2017 Reading Challenge

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roda havet
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Re: 2017 Reading Challenge

Postby roda havet » Sat Apr 22, 2017 7:53 am

4. Sub-Human (Post Human Series book 2) By David Simpson
[color=#00BF00]Dream to live, live to dream, and write to love, love to write![/color]

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pls
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Re: 2017 Reading Challenge

Postby pls » Sun Apr 23, 2017 8:48 pm

1. DANCE OF THE DWARFS - Geoffrey Household - ***** - (week ending March 25, 2017)
2. PYLON - William Faulkner - ***** - (week ending April 30, 2017)

A reporter covering air races in Louisiana is forced to deal with the aftermath when one of the pilots is killed in a race.
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maplington
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Re: 2017 Reading Challenge

Postby maplington » Mon Apr 24, 2017 2:04 pm

On Writing - Stephen King - ***** - An invaluable read for any aspiring writer and one that is sure to be entertaining even for those who are not.

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Re: 2017 Reading Challenge

Postby DrG2 » Tue Apr 25, 2017 11:53 pm

17. What Might Have Been, edited by Benford and Greenberg. **** Twelve stories involving alternate history stories related to war. It starts with a very nice story by Nancy Kress involving time travelers who have kidnapped Anne Boleyn because it will stop a war, and ends with a story by Mike Resnick about Teddy Roosevelt forcing Woodrow Wilson to let him go to war in WW I. In between, it’s a mixed bag; some are just excuses to have a battle scene or are clearly just a vehicle for hypotheses. The best involve real consequences for the characters One story is by Winston Churchill, hypothesizing if the South won the Civil war.

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Re: 2017 Reading Challenge

Postby cjr1977 » Thu Apr 27, 2017 1:06 pm

Books 16-18 I'm a little behind on my postings

Book 16: Frey by Melissa Wright
Book 17: Pieces of Eight by Melissa Wright
Book 18: Rise of the Seven by Melissa Wright

Overall good reads and waiting for book four to come out. It's available for preorder through some ebook platforms but not kindle yet so I'll have to wait. There were some bits of information I thought the author could have expanded on. One of those where things are mentioned but never expanded upon and for the most part seemed like it would have added to the plot quite nicely if it was more than a passing mention.

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Re: 2017 Reading Challenge

Postby DrG2 » Thu May 04, 2017 7:18 pm

18. Rose Madder, by Steven King. ****. A woman runs away from her abusive husband and starts a new life 800 miles away; but he's a cop who has a knack for finding people. I thought the story was good enough without the paranormal bits (portal fantasy, husband becomes a monster).

19. Creating Characters, by several Writer's Digest Writers. **** I liked this, particularly the first 2/3 of the book. It is a collection of essays published in the magazine or as chapters in Writer's digest books. Some of them are the usual culprits: Card, Kress, Bell, etc.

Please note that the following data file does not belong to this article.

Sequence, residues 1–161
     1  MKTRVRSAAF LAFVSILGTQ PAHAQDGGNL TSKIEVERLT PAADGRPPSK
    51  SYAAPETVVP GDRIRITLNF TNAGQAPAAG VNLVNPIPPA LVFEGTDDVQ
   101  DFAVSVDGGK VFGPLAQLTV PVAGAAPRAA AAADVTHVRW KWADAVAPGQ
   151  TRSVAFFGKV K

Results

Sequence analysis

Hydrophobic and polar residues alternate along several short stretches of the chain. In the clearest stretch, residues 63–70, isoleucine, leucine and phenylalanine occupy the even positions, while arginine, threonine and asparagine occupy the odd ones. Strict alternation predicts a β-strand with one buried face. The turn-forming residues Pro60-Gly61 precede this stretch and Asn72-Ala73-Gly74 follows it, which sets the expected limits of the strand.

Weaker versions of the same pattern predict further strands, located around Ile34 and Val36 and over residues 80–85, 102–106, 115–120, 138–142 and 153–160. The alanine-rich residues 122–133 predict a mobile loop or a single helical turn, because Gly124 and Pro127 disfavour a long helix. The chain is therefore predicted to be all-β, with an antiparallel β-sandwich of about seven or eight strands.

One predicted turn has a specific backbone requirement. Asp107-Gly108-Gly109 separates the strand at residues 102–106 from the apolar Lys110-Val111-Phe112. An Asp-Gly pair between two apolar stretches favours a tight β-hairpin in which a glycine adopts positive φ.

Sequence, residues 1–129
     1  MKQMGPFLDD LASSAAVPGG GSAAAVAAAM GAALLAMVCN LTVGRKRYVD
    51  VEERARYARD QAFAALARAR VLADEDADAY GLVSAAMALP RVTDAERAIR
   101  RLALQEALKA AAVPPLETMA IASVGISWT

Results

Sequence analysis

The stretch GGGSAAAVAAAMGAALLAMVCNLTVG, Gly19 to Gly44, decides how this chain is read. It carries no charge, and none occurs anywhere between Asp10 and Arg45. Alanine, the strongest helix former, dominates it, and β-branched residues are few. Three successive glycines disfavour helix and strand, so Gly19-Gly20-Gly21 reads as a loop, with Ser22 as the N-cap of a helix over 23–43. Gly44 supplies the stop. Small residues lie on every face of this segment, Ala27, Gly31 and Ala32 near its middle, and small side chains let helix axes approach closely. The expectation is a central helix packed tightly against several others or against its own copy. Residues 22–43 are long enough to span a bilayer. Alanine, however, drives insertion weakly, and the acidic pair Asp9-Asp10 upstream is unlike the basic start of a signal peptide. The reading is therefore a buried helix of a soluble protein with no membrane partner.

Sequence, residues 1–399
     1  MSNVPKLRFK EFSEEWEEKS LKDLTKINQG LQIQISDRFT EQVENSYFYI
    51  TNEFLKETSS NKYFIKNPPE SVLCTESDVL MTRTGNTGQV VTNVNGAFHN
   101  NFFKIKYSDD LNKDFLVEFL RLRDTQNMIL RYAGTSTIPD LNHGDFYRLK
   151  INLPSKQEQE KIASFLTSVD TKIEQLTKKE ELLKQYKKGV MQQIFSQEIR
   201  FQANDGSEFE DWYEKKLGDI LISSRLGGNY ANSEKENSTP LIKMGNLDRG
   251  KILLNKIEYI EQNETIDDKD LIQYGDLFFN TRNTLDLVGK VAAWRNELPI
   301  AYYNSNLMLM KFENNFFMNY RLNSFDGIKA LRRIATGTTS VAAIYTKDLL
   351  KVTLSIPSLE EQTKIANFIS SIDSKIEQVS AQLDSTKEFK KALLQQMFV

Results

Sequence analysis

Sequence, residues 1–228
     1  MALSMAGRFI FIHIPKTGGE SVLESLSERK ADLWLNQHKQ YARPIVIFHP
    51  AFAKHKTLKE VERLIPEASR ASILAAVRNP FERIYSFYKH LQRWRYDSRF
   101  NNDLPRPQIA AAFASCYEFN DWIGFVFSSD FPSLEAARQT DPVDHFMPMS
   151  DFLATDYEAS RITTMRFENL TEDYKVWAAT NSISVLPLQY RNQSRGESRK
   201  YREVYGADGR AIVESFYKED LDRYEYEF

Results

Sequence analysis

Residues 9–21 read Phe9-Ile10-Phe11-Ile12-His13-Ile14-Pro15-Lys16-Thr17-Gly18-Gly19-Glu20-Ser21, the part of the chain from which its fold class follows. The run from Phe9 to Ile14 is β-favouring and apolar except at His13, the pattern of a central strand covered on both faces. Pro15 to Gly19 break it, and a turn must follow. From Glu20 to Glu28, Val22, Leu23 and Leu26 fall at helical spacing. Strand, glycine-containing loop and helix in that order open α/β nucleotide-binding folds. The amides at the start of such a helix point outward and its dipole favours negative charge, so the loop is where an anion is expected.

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Re: 2017 Reading Challenge

Postby DrG2 » Fri May 12, 2017 10:32 pm

20. Fleet at Full Tide, by James Hornfischer. **** I know the author. It's the history of about the last year of the war in the Pacific in WWII.

21. The Island of Dr. Moreau, by H.G. Wells. ***** Maybe I need to read more classics. I had seen movie versions, but had never read it.

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Re: 2017 Reading Challenge

Postby DrG2 » Mon May 15, 2017 4:26 pm

22. From Where Dreams Come, by Robert Olen Butler. ***** A writing book from a Pulitzer-prize winner. Definitely different from any writing book I've read, I definitely advocate it, but not as the first (or second or third) writing book you read. I think you need to have a bit of perspective before you read this.

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Re: 2017 Reading Challenge

Postby DrG2 » Fri May 19, 2017 7:34 pm

23. Billy Lynn's Long Halftime Walk, by Ben Fountain. Billy is making a tour of several US cities after he became famous when his squad in Iraq was videoed by FoxNews during a firefight that earned a boatload of medals for the survivors.
Basically, it's set in Dallas for a Thanksgiving day Cowboy game. The guys deal with people that want pieces of them, including justifying their own views of the war ('Merica!).

There are good or funny bits here, but I hated much of it. "Inauthentic" is my one-word review. The voice, the characters, and the plot all seemed inauthentic.

I had seen ads for the movie, and thought it was a gung-ho America First kind of thing, but it's the opposite of that.

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Re: 2017 Reading Challenge

Postby DrG2 » Wed May 24, 2017 6:43 pm

24. A Scanner Darkly, by Philip K. Dick. In a near-future (relative to time of writing, 1977), a character is both an undercover cop and a drug dealer/user because his mind has split. Dick writes well, but I skipped 1/4 of this book because the story didn't do anything for me. seemed to be an anti-drug diatribe.

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